Israeli techie says it takes a cyber hacker to catch a cyber hacker

The World
Nir Gaist, 25-year-old owner of the Israeli firm Nyotron.

Nir Gaist is the 25-year-old owner of the Israeli firm Nyotron.

Asaf Kliger

Israel is a country at the forefront of cyber security technologies.

That’s no big surprise, considering the number of Israeli soldiers trained in the art of cyber-warfare. When they leave the military, many of them get jobs protecting business, infrastructure and commerce from the kinds of attacks they themselves knew as soldiers.

But one Israeli techie learned all about the vulnerabilities of cyberspace way before army age.

“I believe cyber security represents a threat, honestly, even more than most of the threats that you can think of,” says Israeli cyber expert Nir Gaist.

Gaist is just 25, but he's been involved with cyber security since he was 10, when he was hired to help banks protect their systems — by hacking into them.

“There was no large bank in Israel where I didn’t transfer actual money between bank accounts,” he says.

By the time he was 14, he took a few phone calls from Bill Gates. Not shockingly, they discussed cyber security.

Gaist is part of a brave new world of technology, but there’s still often a human touch: take cyber bank robbery.

Hackers will send a banker an email that looks like it’s from their boss. It’ll include a link to a website that looks exactly like the bank’s homepage. But, as Gaist explains, the email actually lets the hacker in the bank's system.

“If this employee is even a simple cashier in the bank, this employee has some access to many accounts, many customers, to actual money in the bank,” Gaist adds.

It’s not news that computer hackers are stealing stuff through the internet.

But Gaist predicts the future will bring cyber attacks on things you might not even think were connected to the internet. He says computer experts can access just about anything, even critical infrastructure, like power grids, that are supposedly disconnected from the open web.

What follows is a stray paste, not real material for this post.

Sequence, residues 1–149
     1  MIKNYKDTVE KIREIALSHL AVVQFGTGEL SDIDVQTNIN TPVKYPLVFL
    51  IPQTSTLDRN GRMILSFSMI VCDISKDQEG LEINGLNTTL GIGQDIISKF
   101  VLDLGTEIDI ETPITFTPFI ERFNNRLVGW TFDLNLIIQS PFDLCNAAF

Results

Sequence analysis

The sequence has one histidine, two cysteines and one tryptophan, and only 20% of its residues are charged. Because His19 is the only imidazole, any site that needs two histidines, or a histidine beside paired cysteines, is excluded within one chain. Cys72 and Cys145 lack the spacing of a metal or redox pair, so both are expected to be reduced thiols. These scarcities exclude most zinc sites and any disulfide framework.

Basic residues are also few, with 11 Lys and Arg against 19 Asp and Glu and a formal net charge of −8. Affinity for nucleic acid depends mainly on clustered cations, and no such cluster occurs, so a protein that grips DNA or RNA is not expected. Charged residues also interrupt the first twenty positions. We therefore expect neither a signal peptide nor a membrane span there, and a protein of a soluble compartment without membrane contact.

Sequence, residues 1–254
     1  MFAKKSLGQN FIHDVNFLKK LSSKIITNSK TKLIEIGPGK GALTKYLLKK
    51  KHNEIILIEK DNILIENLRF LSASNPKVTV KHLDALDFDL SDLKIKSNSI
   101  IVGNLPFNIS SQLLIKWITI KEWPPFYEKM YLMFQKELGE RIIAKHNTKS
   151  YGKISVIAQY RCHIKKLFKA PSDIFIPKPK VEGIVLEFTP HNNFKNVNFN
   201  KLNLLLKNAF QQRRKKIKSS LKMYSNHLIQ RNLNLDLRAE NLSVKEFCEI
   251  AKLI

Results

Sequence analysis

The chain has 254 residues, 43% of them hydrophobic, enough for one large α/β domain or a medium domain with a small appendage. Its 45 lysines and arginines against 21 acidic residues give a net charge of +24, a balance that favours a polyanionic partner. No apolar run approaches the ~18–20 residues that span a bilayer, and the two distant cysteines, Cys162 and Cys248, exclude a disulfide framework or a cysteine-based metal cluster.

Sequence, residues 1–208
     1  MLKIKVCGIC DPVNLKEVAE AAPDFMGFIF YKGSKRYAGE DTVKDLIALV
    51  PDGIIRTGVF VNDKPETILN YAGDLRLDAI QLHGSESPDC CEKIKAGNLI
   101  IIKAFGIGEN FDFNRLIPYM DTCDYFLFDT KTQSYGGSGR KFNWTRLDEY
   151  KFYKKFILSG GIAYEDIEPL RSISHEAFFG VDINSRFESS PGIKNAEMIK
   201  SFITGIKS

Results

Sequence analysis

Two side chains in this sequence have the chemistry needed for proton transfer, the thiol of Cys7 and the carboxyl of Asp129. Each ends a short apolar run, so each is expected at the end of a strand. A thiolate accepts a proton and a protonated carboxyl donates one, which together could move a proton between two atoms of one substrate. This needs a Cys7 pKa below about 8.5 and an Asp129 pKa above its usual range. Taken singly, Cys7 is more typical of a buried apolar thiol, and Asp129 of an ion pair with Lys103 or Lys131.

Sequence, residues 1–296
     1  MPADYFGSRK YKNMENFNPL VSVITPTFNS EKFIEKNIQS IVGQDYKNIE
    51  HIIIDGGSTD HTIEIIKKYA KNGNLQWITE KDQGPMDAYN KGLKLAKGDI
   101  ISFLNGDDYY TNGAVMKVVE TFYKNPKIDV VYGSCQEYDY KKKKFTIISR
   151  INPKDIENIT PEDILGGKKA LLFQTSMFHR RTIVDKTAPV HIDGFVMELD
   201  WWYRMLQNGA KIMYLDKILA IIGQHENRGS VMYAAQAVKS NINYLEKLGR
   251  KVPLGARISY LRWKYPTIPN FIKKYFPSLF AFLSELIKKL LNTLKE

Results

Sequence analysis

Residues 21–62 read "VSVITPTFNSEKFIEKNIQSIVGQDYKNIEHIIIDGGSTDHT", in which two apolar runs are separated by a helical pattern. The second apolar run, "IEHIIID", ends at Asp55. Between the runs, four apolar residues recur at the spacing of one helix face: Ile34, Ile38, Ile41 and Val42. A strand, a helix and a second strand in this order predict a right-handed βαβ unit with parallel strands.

“We can control traffic. We can control nuclear facilities. I can tell you that we can control water. We can control food. We can control almost everything by using cyber infrastructure,” he says.

To prove his point, Gaist sat down in front of two laptops to show how easy it can be.

Gaist's fingers raced over one of the keyboards at warp speed, as if he were born doing this stuff. He wrote malicious code — an endless stream of numbers and letters — like a scene from The Matrix. Then he sent it to the second laptop, protected with a popular anti-virus program.

The program popped up to say it had caught the virus.

So Gaist made a simple cosmetic change to the code. Wherever there was a 9 in the code, he substituted “six plus three.” That’s it. Then he sent the virus to the protected laptop again — and it was infected.

“As you can see, the firewall didn’t mention anything during this attack,” he says, even though the computer claimed to be protected.

Antivirus programs work by protecting your computer from a list of known threats. Every time a new virus is unleashed on the world, antivirus companies have to scramble to add those threats to their lists. Gaist’s company, Nyotron, is developing software that does the opposite. It monitors your computer’s normal activity to find any actions that are out of the ordinary. So the idea is to detect viruses as they're created.

The failure to prevent 9/11 has been attributed to a failure of imagination — intelligence services not being able to predict something of that scale ever happening. Gaist says to predict cyber threats, you need the imagination of a kid, and the intimate knowledge of cyberspace that only a kid has.

“The older generation did not grow up with a computer in his room. I did. I have a computer from age of 4 or 5. I start developing [at the] age of 6. I didn’t know what it means and how effective I can be,” he adds.

Kids are known to mess around without really understanding the consequences of their actions. In cyberspace, this can present serious challenges. Our finances, our governments, our energy supplies, even our lives are dependent on digital. And cyber-genius kids are easily able to hack into unprotected systems.

“The 6-year-old boy of today, he already knows what is hacking, he already knows how precious and how powerful this knowledge is. I think that there are very young kids today who can cause damage, not like a nation, but not very far from it.  So, they want the world to know about their talent. They enjoy the glory and the fame,” Gaist says.

Gaist’s message is basically this: governments have a lot to learn from their cyber-savvy youth. Or, in other words, it takes a kid to catch a kid.